Because when Roko feels like he's being objective, he's using his meta-morality as a fixed given—evaluating the question "How many agents do X?" in different places and times, but not asking any different questions.  The answer to his meta-moral question has occurred to him as a variable to be investigated; the meta-moral question itself is off the table.

But—of course—when a Pebblesorter regards "13 and 7!" as a powerful metamoral argument that "heaps of 91 pebbles" should not be a positive value in their utility function, they are asking a question whose answer is the same in all times and all places.  They are asking whether 91 is prime or composite.  A Pebblesorter, perhaps, would feel the same powerful surge of objectivity that Roko feels when Roko asks the question "How many agents have this instrumental value?"  But in this case it readily occurs to Roko to ask "Why care if the heap is prime or not?"  As it does not occur to Roko to ask, "Why care if this instrumental goal is universal or not?"  Why... isn't it just obvious that it matters whether an instrumental goal is universal?

The Pebblesorter's framework is readily visible to Roko, since it differs from his own.  But when Roko asks his own question—"Is this goal universally instrumental?"—he sees only the answer, and not the question; he sees only the output as a potential variable, not the framework.

Like PA, that only sees the compellingness of particular proofs that use the Peano Axioms, and does not consider the quoted Peano Axioms as subject matter.  It is only PA+1 that sees the framework of PA.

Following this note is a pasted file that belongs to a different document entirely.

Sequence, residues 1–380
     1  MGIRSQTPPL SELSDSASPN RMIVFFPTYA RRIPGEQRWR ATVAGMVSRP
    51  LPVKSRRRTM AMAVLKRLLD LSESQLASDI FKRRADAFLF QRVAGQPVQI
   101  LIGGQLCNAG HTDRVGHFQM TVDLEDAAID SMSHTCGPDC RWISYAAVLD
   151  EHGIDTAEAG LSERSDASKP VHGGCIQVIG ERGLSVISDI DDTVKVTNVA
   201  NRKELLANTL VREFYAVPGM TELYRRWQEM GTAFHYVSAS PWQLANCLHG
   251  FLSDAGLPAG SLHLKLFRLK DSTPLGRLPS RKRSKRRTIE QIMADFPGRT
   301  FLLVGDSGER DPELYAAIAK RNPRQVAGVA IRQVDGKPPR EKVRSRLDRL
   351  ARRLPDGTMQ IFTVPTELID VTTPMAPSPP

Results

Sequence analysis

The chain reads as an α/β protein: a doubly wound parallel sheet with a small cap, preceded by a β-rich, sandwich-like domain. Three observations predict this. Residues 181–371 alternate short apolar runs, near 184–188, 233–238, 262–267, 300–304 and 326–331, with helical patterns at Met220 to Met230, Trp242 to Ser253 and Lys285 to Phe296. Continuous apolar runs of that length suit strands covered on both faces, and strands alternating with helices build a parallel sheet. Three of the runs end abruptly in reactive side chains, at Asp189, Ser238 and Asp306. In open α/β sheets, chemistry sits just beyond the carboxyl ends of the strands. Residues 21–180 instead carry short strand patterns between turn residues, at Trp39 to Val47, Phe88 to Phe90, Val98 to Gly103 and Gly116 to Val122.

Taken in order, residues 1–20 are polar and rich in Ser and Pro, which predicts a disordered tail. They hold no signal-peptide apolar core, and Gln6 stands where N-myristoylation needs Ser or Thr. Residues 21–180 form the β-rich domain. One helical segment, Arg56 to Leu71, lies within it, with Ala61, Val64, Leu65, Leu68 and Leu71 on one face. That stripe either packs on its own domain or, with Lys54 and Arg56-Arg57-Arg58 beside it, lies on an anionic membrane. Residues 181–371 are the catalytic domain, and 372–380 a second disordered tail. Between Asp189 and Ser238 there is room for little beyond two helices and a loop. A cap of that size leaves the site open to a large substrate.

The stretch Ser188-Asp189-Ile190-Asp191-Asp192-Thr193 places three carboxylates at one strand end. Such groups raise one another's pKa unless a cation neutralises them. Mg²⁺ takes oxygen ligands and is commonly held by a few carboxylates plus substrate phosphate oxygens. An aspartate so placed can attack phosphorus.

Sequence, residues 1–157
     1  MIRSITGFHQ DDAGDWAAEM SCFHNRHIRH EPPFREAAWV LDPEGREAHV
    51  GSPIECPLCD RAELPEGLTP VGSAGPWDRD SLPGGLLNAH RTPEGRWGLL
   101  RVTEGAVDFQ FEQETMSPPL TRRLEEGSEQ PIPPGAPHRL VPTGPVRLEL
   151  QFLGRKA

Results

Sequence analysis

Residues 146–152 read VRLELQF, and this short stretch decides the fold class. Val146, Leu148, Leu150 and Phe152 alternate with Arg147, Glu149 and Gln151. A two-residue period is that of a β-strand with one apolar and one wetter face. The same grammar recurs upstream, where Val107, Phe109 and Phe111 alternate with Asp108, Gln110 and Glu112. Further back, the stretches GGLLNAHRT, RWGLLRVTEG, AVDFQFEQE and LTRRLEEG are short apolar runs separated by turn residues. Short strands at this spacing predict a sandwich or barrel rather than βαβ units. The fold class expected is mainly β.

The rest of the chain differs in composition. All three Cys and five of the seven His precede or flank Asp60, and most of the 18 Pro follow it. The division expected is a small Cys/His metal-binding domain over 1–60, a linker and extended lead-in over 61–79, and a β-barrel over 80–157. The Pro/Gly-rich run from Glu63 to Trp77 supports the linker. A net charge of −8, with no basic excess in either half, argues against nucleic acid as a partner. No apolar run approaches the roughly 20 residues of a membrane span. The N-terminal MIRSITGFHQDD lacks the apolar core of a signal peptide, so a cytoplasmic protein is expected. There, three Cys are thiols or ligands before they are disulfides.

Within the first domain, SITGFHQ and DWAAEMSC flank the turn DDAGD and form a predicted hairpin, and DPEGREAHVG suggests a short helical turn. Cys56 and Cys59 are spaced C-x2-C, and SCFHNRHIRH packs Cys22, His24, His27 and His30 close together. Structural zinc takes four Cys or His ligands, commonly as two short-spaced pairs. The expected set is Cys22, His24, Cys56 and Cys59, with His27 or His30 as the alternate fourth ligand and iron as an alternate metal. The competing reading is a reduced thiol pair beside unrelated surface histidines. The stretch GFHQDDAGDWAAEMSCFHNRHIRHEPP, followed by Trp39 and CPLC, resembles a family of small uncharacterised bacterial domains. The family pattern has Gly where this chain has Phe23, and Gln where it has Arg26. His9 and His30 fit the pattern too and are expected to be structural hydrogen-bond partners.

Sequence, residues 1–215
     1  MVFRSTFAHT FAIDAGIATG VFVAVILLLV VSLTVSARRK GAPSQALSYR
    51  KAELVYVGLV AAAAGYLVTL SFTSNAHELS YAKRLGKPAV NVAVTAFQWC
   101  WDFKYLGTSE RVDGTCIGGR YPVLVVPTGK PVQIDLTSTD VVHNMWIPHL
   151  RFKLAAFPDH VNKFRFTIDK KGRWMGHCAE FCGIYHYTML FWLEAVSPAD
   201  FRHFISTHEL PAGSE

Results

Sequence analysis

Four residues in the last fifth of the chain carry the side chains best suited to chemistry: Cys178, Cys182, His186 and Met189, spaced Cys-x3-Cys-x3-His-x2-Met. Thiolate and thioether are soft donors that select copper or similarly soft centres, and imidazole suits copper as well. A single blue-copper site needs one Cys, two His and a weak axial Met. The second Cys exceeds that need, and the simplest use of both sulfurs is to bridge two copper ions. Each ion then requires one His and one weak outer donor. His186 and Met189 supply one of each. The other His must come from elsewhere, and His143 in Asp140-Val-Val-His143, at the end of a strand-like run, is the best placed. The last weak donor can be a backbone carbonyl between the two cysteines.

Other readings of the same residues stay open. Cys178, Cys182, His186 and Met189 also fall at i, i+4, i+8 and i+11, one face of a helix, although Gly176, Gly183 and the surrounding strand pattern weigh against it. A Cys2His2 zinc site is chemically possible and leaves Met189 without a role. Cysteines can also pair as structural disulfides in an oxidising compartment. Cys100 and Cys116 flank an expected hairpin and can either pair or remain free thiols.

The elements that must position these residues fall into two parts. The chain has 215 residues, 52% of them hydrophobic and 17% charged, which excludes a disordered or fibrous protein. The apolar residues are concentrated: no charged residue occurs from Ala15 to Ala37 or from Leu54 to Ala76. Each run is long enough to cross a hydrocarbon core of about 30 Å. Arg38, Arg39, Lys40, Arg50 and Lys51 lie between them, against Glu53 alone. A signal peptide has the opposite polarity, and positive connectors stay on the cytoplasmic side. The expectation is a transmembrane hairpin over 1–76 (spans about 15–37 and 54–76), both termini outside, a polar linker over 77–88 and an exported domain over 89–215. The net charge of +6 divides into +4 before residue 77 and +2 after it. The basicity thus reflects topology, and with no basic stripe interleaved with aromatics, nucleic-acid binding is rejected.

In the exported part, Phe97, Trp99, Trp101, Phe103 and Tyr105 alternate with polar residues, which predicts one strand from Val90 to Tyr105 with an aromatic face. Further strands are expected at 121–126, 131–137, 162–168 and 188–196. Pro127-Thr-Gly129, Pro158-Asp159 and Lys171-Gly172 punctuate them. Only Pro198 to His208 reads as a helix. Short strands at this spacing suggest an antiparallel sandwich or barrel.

But there is always a framework, every time you are moved to change your morals—the question is whether it will be invisible to you or not.  That framework is always implemented in some particular brain, so that the same argument would fail to compel a differently constructed brain—though this does not imply that the framework makes any mention of brains at all.

And this difficulty of the invisible framework is at work, every time someone says, "But of course the correct morality is just the one that helps you survive / the one that helps you be happy"—implicit there is a supposed framework of meta-moral arguments that move you.  But maybe I don't think that being happy is the one and only argument that matters.

Roko is adopting a special and unusual metamoral framework in regarding "Most agents do X!" as a compelling reason to change one's utility function.  Why might Roko find this appealing?  Humans, for very understandable reasons of evolutionary psychology, have a universalizing instinct; we think that a valid argument should persuade anyone.